Mass. State Rep. Calls on University VP to Increase Transparency for Allston Multimodal Project
Harvard President Lawrence Bacow Made $1.1 Million in 2020, Financial Disclosures Show
Harvard Executive Vice President Katie Lapp To Step Down
81 Republican Lawmakers File Amicus Brief Supporting SFFA in Harvard Affirmative Action Lawsuit
Duke Senior’s Commencement Speech Appears to Plagiarize 2014 Address by Harvard Student
To the Editors of the Crimson:
In this election Cambridge voters will have a chance to ban nuclear weapons research and development from their city. We are computer professionals with careers in the high tech field. Because of this we feel a special responsibility to publicly urge the people of Cambridge in vote YES on Question 2.
We ask Cambridge citizens to think carefully about the following reasons to support the Nuclear Free Cambridge Act.
1) It is vitally important for us to show the politicians in Washington that the American people want an end to the constant escalation of nuclear terror. We cannot wait while Ronald Reagan keeps proposing and Congress keeps passing increases in our nuclear budgets. We must act now, here, to begin the end of such madness.
2) Contrary to opponents charges, making Cambridge a Nuclear Free Zone will help create jobs not endanger them. The law would only affect part of the business of one firm. Draper Labs, that employs only 180 Cambridge residents. In the two year transition period allowed by the law. Draper Labs could easily use its expertise to find other work for its employees. Should Draper decide to leave town the current rapid expansion of high tech industry in Kendal Square would quickly reoccupy the Drager building and re-employ all available workers.
In fact, replacing nuclear weapons work with non-nuclear (preferably non-military) contracts has been consistently shown to create more jobs per dollar, and more support jobs per scientist. Voting YES on Question 2 is a vote for jobs.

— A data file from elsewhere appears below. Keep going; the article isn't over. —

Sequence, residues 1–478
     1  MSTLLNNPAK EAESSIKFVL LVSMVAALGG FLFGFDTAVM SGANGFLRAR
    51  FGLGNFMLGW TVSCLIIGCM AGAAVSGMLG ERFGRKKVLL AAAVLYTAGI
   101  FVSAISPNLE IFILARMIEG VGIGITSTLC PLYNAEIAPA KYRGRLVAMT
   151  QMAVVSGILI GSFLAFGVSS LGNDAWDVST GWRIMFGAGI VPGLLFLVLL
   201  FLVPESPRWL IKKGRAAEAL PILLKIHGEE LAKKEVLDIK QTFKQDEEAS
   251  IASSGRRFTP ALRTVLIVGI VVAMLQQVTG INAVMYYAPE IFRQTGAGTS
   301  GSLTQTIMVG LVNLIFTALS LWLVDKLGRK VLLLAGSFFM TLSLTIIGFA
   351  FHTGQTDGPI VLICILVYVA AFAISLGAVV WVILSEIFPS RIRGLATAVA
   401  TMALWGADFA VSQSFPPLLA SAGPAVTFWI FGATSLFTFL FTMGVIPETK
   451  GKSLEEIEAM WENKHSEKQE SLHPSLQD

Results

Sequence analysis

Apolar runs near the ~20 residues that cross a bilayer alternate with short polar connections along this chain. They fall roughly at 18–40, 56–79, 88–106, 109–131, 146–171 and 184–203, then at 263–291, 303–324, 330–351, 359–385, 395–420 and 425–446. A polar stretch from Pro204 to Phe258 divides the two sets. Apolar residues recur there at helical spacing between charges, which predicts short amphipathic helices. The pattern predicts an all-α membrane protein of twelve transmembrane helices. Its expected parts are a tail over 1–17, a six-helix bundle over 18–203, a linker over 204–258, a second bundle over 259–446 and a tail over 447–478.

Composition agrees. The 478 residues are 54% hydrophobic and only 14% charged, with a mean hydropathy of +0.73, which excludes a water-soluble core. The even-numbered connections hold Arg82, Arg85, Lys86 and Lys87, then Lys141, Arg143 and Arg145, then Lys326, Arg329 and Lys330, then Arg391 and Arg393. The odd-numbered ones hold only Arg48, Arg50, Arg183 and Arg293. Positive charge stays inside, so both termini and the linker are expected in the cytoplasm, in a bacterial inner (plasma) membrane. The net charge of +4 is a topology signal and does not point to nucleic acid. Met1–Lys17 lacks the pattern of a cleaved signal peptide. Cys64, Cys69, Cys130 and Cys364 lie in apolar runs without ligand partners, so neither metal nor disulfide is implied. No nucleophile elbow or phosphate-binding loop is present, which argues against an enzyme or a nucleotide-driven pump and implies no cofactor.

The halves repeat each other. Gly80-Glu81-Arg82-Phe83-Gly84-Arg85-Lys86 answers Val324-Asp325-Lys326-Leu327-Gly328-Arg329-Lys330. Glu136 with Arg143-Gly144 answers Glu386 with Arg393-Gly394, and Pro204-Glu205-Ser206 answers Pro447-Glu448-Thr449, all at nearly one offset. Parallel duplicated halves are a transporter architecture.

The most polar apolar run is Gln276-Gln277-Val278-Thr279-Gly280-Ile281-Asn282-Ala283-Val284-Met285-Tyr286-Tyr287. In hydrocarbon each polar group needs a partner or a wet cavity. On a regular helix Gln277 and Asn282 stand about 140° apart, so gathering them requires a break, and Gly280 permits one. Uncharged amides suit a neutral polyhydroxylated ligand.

3) The Nuclear Free Cambridge Act specifically states that "basic research, the primary purpose of which is not to work towards the development of nuclear weapons" is not affected by the law. It is misleading to describe Question 2 as an attack on freedom of thought or basic research. It will prevent people from developing ever better ways to destroy humanity. But this is similar to outlawing research on better ways to inflict human torture. Both are prohibitions to be proud of.
4) Several constitutional lawyers have stated that the Nuclear Free Cambridge Act is not a violation of the Constitution. Nowhere in the constitution does a private firm get the right to violate local laws designed to protect the health and safety of citizens. Steve E. Miller, Lotus Development Corporation Joel Taunton, Wang Laboratories Denis Shasha, Harvard University Thomas Whitaker, Symbolics Judith Hoer, Symbolics Steven Tolkin, Wang Toby Bloom, Digital Joseph Weizenbeum, MIT Ed Frankenberry Elizabeth Martin Computer Professionals for Social Responsibility
Want to keep up with breaking news? Subscribe to our email newsletter.